The US stock market paused yesterday amid tensions over Ukraine, following four days of gains.
And speech by Federal Reserve chairwoman Janet Yellen left investors unsure about how the nation's most important financial voice feels about raising interest rates in the coming months.
A flare-up in tensions between Ukraine and Russia weighed on the market after a Russian convoy entered the country, purportedly to bring aid supplies.
It was a quiet day overall. Stocks moved between small gains and losses, then settled modestly lower in the last couple of hours.
Trading was slow, as it has been all week, as the summer winds down and with many investors on holiday.
It was the second-quietest day of the year for trading on the New York Stock Exchange.
The Dow Jones industrial average fell 38.27 points, or 0.2%, to 17,001.22. The Standard & Poor's 500 index lost 3.97 points, or 0.2%, to 1,988.40 and the Nasdaq composite added 6.45 points, or 0.1%, to 4,538.55.
Even with yesterday's modest losses, it was a strong week for the stock market. The S&P 500 rose 1.7% for the week, its best five-day performance since April.
The Fed dominated investors' agendas this week. Yesterday Ms Yellen addressed an annual conference of central bankers and other policymakers from around the globe at the Fed's annual conference in Wyoming.
In her speech, which focused on labour markets, she said the Great Recession complicated the Fed's ability to assess the US job market and made it harder to decide when to adjust interest rates.
Ms Yellen offered no signal she had altered her view that the economy still needs support from the Fed in the form of ultra-low interest rates.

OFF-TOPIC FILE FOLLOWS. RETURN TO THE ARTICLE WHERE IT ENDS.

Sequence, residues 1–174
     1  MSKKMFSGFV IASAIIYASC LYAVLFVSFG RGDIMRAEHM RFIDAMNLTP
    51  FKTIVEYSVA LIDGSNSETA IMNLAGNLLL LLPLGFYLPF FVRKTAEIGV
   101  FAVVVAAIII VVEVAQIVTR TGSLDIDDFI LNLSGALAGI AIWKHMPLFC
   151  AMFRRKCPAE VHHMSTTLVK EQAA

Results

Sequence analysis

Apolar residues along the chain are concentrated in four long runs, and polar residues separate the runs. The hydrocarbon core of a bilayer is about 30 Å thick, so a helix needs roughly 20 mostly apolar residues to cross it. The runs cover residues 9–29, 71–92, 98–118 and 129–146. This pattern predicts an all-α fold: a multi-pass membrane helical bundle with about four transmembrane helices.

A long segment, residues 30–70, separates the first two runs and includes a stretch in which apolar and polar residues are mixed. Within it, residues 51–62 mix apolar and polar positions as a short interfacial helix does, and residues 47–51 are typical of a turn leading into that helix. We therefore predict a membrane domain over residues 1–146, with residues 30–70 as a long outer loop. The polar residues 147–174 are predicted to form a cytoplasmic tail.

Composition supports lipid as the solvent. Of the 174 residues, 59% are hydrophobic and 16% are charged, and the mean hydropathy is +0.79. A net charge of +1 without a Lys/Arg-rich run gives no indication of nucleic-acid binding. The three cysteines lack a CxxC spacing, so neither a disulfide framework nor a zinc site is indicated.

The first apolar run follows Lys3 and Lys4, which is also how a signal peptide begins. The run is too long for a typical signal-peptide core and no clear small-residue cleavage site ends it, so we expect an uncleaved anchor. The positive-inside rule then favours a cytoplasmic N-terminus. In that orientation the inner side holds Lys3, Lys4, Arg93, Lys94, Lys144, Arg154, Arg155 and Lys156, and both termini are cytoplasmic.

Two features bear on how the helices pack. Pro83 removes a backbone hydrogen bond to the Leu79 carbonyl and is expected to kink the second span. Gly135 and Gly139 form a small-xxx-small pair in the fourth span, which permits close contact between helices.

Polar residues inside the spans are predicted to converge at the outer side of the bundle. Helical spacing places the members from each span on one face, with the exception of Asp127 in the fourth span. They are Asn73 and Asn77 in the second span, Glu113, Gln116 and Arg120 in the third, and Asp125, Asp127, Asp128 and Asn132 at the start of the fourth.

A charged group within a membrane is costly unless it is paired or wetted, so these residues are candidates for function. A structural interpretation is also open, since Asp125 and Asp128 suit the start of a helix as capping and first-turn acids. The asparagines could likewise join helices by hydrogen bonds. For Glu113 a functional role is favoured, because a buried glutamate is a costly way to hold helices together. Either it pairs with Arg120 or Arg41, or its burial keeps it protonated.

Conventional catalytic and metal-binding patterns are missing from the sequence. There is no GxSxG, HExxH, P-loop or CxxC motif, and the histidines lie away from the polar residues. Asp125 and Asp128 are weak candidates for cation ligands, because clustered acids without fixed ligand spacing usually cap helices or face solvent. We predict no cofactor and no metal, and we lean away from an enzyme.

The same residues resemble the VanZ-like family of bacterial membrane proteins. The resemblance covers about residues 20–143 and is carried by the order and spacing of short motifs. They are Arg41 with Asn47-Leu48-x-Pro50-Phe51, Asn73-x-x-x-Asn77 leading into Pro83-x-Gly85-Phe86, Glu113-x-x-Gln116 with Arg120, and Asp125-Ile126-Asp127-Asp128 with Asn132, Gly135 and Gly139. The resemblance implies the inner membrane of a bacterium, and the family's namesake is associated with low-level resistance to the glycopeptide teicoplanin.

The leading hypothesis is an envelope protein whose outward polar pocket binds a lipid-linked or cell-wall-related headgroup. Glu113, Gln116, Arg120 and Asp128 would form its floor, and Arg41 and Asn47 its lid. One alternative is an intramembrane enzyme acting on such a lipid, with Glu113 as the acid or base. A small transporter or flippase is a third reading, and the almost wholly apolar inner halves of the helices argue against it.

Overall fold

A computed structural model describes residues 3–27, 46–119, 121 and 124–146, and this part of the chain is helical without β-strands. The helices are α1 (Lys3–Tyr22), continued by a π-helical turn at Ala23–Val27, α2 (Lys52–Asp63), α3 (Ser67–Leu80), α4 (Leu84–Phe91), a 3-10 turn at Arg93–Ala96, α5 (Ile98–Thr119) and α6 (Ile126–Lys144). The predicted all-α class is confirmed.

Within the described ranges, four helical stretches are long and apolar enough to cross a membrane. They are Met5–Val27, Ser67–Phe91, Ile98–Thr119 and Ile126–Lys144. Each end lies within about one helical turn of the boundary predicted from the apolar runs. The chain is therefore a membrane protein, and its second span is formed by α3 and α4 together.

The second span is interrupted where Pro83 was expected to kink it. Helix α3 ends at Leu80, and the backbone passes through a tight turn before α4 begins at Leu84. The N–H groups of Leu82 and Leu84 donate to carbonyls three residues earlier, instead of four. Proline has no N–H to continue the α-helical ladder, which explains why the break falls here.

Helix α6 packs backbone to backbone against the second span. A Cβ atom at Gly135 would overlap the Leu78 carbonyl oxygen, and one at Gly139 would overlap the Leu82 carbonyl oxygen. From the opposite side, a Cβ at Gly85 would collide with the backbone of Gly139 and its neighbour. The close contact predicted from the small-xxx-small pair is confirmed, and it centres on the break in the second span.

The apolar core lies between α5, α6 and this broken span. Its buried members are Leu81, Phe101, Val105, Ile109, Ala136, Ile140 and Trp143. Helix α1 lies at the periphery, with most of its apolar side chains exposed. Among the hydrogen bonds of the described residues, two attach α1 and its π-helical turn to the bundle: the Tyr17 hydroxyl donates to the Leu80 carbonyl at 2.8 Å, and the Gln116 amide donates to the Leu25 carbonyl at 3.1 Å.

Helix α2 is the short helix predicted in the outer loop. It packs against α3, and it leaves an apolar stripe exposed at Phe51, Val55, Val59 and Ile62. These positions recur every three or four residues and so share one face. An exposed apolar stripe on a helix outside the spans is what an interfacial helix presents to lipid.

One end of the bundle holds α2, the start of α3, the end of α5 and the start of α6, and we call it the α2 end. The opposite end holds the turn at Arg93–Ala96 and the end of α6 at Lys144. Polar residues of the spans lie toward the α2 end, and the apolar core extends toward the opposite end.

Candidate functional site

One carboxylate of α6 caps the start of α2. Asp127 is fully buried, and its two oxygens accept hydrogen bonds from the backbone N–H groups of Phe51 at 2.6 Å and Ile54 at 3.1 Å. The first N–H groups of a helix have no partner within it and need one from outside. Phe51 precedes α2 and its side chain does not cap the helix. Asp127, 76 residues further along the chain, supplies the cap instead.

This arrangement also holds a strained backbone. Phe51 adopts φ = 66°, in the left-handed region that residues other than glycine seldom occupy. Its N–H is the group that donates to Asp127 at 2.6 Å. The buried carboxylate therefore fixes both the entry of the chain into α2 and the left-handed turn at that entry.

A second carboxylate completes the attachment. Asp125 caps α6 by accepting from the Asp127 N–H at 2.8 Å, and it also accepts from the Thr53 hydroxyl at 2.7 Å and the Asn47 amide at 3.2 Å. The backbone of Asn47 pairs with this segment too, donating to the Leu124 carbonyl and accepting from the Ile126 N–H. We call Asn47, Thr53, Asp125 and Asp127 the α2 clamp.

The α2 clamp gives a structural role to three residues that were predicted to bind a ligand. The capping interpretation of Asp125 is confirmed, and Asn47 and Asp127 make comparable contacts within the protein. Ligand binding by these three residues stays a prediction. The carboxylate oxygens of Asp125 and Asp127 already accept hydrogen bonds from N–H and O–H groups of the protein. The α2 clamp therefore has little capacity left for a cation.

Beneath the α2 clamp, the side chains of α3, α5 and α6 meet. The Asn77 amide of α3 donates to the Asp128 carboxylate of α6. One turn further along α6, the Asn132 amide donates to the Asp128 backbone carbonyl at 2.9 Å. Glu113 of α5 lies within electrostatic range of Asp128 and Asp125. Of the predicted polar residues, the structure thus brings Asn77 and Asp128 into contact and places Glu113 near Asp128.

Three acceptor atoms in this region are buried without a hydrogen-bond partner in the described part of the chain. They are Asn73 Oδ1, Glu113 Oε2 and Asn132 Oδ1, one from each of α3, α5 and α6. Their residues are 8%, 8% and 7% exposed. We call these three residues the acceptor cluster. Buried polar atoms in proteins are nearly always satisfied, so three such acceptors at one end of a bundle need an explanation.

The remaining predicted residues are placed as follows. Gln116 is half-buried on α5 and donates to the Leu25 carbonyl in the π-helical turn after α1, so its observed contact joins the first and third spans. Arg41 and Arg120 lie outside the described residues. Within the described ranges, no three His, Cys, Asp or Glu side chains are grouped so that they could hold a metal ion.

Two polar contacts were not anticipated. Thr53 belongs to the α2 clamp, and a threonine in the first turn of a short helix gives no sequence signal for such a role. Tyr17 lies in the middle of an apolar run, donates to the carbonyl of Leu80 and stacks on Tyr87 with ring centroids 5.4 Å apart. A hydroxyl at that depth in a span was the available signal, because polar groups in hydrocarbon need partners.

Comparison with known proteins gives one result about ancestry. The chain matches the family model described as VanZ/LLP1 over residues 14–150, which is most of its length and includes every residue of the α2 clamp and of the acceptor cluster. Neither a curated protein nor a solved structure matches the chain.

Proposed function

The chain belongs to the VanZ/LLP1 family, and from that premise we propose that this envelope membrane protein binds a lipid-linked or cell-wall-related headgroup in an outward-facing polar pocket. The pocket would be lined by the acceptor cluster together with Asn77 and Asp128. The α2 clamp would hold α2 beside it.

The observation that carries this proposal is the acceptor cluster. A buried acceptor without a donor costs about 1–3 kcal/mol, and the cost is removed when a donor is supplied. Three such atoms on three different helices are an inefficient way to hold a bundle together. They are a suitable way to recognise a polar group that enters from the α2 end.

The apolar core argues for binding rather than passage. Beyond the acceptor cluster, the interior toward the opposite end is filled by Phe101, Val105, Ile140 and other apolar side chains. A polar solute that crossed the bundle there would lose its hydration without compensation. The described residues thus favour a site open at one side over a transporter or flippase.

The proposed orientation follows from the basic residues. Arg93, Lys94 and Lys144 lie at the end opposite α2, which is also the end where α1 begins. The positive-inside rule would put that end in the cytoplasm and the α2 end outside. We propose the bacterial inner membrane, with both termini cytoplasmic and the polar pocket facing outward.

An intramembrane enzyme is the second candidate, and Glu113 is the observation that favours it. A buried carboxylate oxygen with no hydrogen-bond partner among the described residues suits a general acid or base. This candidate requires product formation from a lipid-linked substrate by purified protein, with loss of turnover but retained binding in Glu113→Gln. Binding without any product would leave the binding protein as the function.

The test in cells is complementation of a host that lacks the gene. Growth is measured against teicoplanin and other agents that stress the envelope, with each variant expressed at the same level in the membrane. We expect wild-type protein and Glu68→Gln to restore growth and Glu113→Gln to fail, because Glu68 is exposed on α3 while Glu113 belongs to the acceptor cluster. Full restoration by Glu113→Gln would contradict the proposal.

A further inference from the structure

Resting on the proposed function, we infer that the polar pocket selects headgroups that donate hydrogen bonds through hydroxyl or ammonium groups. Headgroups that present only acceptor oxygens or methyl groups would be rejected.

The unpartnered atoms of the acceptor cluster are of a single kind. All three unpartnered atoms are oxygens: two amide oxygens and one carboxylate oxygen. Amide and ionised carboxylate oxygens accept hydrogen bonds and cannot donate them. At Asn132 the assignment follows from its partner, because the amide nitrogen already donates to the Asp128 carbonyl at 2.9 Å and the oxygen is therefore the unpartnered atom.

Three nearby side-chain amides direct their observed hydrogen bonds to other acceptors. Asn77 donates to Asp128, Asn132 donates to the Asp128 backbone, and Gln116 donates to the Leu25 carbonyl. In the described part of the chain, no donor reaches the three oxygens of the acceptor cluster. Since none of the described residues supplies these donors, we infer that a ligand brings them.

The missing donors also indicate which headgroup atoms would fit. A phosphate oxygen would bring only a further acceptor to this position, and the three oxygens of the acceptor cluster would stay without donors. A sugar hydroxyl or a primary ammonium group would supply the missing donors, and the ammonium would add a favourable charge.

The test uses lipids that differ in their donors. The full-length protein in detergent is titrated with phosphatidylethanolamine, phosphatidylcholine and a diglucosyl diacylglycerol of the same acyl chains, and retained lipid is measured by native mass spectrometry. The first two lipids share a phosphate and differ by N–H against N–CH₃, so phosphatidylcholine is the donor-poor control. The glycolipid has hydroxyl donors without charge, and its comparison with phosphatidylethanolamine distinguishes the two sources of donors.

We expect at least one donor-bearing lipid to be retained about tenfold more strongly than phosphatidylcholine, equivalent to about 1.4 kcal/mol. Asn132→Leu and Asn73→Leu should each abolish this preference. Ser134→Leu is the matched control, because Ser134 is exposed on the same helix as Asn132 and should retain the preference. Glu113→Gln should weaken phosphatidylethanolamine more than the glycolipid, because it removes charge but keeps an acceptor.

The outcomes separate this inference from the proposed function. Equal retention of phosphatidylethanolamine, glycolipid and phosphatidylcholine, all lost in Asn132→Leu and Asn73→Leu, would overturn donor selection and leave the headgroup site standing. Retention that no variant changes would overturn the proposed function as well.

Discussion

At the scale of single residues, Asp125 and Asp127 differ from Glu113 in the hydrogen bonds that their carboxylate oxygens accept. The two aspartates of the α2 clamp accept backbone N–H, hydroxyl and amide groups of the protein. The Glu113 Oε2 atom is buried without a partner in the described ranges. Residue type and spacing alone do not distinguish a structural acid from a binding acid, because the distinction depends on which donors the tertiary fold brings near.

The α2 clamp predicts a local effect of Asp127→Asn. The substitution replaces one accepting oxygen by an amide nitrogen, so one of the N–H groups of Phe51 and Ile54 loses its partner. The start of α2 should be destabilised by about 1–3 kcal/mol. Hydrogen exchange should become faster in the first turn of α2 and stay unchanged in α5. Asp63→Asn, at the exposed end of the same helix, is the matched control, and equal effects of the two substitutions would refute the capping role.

"I think this was business as usual for Yellen. She was measured and deliberate and the market had a minimal reaction to it," said Michael Fredericks, portfolio manager of Blackrock's Multi-Asset Income Fund.
The timing of a Fed rate increase remains unclear, but most investors expect the first one to come sometime in 2015.
Ms Yellen's speech comes two days after a report from the Fed seemed to show a growing chorus of policymakers wanting to raise interest rates.
"The uncertainty that policymakers feel on numerous fronts was evident in Yellen's speech," John Hoff, a fixed income strategist at RBS, wrote in a note to investors.
The Fed has kept its benchmark short-term interest rate, known as the Federal Funds Rate, near zero since late 2008 in order to simulate economic activity and demand.
The downside to low interest rates is the possibility that they can lead to inflation.
The Federal Funds Rate helps determine interest rates on a variety of financial products including mortgages and credit cards, as well as the yields that bonds pay.
Many investors believe the US economy has recovered enough from the depths of the financial crisis to warrant higher interest rates.
The Fed has been winding down another economic stimulus programme, large-scale purchases of bonds in the open market, since December.
Investors also had geopolitical tensions to contend with.
A Russian convoy entered Ukraine, defying the government there. Ukraine called the move a "direct invasion" intended to provoke an international incident.
The action drew condemnation from the EU, the US and Nato. The trucks are purportedly carrying aid to residents in rebel-held zones where separatists are fighting with the Ukrainian government.
The Russia-Ukraine tensions have been a headache for investors for months now. Russia is Europe's biggest supplier of energy and is a major trade partner for the continent.
The EU has placed sanctions on Russia, which has lowered the amount of trade between Russia and the eurozone's countries.
US government bond prices were little changed, a sign that investors were hesitant to make any large bets after Ms Yellen's speech. The yield on the 10-year Treasury note edged down to 2.40%.